A few weeks ago, I wrote about states that have dual Every Students Succeeds Act task forces that are likely to come up with contrasting state accountability plans.
It’s the result of the tangled power structures states have constructed over the years as dictating education policy has been volleyed between local, state and federal governments.
Louisiana, I pointed out, is an extreme example of how ambiguous state law is when it comes to determining who should be in charge of shaping policy, and that conflict may soon come to a head, according to local reports.
The state’s school board, known as the Board of Elementary and Second Education (BESE), is made up of three governor-appointed members and eight elected members. The state superintendent is appointed by the board. In 1997, the board created an accountability commission to advise the board on ways to improve the state’s schools. That board is made up of members appointed by BESE and has had a significant influence in shaping the state’s nationally known accountability system.
The state’s legislature, which has also created its own set of education policies, has long been dominated by Republicans. But in 2015, the state elected a Democratic governor, John Bel Edwards.
ESSA, unlike prior federal education law, requires that the legislature and governor be “meaningfully consulted” about changes to things such as the state’s accountability system or teacher evaluations and that the governor have 30 days to sign off on states’ proposed ESSA plans. The state’s superintendent, John White, supports school choice and test-dependent accountability, ast year began devising his own ESSA task force, made up of teachers, administrators, advocacy groups, and parents.
But then, halfway through the process, teachers and administrators told the governor that they didn’t agree with the direction of BESE’s task force and asked that Edwards appoint an ESSA task force of his own, which he proceeded to do.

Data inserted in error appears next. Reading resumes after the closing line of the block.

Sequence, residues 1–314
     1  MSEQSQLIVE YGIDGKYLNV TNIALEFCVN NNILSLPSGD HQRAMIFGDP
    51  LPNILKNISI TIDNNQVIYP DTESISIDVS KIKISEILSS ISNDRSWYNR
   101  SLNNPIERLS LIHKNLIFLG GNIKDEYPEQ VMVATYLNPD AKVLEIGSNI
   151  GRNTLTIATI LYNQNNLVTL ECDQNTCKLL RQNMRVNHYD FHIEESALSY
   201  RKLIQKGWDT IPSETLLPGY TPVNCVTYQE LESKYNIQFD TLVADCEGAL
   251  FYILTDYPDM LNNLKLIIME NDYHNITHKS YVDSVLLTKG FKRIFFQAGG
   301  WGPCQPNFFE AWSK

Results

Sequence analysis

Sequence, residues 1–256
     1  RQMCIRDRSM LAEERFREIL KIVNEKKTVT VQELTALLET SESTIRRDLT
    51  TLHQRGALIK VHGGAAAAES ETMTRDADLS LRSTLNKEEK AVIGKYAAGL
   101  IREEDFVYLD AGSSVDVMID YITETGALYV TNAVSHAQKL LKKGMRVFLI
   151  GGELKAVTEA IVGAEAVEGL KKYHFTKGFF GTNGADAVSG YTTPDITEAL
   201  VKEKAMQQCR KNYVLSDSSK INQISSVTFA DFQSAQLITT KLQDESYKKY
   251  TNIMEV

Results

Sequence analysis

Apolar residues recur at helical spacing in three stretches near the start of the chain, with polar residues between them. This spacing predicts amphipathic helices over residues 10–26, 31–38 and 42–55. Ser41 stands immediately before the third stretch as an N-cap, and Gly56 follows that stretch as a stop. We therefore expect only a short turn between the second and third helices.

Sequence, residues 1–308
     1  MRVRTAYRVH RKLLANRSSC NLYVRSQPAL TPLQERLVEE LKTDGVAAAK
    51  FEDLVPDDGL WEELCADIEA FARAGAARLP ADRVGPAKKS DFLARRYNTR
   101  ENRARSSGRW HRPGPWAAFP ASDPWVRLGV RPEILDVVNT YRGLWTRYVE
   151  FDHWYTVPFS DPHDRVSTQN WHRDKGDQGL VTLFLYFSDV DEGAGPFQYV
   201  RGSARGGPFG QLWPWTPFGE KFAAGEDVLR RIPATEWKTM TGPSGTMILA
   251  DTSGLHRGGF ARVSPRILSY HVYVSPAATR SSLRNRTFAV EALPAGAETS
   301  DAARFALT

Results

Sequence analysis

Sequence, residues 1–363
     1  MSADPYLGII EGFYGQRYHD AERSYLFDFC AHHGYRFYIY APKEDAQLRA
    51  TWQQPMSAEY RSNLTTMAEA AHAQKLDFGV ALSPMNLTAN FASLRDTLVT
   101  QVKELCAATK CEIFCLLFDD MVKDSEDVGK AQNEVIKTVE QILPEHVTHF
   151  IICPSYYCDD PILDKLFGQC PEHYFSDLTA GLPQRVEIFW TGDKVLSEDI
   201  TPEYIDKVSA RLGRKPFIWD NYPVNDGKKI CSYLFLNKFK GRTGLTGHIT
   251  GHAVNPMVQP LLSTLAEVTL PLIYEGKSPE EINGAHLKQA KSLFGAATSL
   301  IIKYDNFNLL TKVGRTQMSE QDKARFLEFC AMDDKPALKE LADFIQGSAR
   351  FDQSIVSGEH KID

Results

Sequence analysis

Now that task force has come out with its own plan, and it’s at odds with several items in BESE’s proposed plan, including teacher evaluations, the state’s accountability plan, and even whether the overall plan will go into place this fall or in the fall of 2018.
The board’s ESSA task force, meanwhile, has been circulating an ESSA draft of its own.
One of the most contentious items is the recommendation by the governor-appointed panel that the state axe its school letter grade accountability system. The board’s ESSA panel only recommends a change to the formula the state uses to come up with the grades.
It’s not clear what will happen next. It’s usually state boards that turn in ESSA plans to the federal government, though any changes to state law will require accompanying legislation. Any new funding the Louisiana education department might require to execute its ESSA plan will require legislative approval.
A version of this news article first appeared in the State EdWatch blog.